Tips for Using Automatic Flash

The very first photos I took as a child were taken at church camp. I was so excited about having my own camera, even if it was a relic. The biggest problem I had with this camera was the flash. Half of my pictures turned out and the other half of them featured unidentified streaks of light.

Most point-and-shoot cameras made today have a built-in, automatic flash. These are quite convenient and require little to no work on the part of the photographer. They are powered by battery and illuminate subjects within ten feet of the photographer. Automatic is great for candid shots and spur of the moment events.

Despite the convenience, automatic flash does have some problems. Besides being ineffective past ten feet, they are not adjustable. If you get too close to your subject, the flash will cause a glare and the photo will be over exposed. If you get too far away from your subject, the flash is rendered useless.

Automatic can also cause severe shadows, depending on the angle of the camera. This type of lighting can also cause red eyes in photos if the camera does not have red eye reduction built into the camera.

What I never knew about automatic flash is that it doesn’t need to be used very often. Indoor shots with low light or extremely overcast days may require its use, but you can get great shots with natural light.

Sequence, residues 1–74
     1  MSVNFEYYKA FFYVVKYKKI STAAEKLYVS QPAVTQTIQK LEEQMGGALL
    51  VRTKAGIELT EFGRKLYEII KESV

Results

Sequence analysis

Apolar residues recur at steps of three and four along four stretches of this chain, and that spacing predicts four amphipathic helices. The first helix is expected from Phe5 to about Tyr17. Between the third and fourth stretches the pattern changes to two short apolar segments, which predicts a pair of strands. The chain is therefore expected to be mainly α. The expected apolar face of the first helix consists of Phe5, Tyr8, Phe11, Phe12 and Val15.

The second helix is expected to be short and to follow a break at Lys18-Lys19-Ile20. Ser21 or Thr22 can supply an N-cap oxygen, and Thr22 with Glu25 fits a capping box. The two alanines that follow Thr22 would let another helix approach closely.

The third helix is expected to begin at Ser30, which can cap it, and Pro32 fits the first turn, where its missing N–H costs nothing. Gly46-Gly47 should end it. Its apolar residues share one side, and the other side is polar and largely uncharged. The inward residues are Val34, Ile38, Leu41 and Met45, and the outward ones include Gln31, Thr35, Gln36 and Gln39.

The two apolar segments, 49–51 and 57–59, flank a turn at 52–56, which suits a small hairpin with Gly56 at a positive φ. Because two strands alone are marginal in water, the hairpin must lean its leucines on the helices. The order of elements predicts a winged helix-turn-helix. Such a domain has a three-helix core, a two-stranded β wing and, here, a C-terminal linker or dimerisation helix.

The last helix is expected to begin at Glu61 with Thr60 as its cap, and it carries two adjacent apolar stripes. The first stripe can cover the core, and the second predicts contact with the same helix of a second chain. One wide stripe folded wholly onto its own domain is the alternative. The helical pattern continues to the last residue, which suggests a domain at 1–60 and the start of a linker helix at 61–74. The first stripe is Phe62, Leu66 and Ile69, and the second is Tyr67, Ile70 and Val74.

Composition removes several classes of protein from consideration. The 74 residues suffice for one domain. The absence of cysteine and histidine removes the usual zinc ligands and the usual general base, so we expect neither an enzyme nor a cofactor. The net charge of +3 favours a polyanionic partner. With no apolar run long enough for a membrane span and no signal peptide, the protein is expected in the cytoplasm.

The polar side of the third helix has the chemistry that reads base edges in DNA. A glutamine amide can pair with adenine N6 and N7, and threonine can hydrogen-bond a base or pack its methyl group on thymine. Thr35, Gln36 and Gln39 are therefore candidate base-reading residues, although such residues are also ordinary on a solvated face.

Utilize any natural light around you to avoid using your flash. Even light coming in through a window can make for an interesting shot. Position your subjects in areas that are well lit for best picture quality outdoors. Try taking photos of your subjects with the sun behind you or to the right or left of you. If the sun is behind your subject your photo will not turn out right.

If you would like to try your hand at portraits, you are better off not using your automatic flash. Bounced light is great for these types of photos and will give your photo a softer appearance. Position a few lights so the main glare of the light bounces off the wall and illuminates your subject indirectly. Use three lights to illuminate your subject from different angles to eliminate harsh shadows.

If you like to take concert pictures, you should not be using your built in flash unless you are in the first few rows. Automatic flash is useless unless the subject is within ten feet of you. Even then, the flash could be blinding to the performer, depending on the type of performance. In fact, some performers prohibit flash photography at their shows.

Instead, try to utilize the existing light. Flash in a concert setting will generally illuminate the heads in front of you, ruining your shot. You may be surprised to find out your pictures come out even better without the use of flash.

If you can control shutter speed on your camera, you can try to make up for low light by slowing the shutter speed. This will allow more light to go into the lens. You should experiment with this first though. A slower shutter speed means the camera will need to be held as steady as possible or the picture will blur. If you have one, use a tripod for these types of shots.

Take some time to get to know your camera and what it can do. Read the manual thoroughly and take some time to experiment. You don’t have to be a professional photographer to get the great shots you will cherish for a lifetime.

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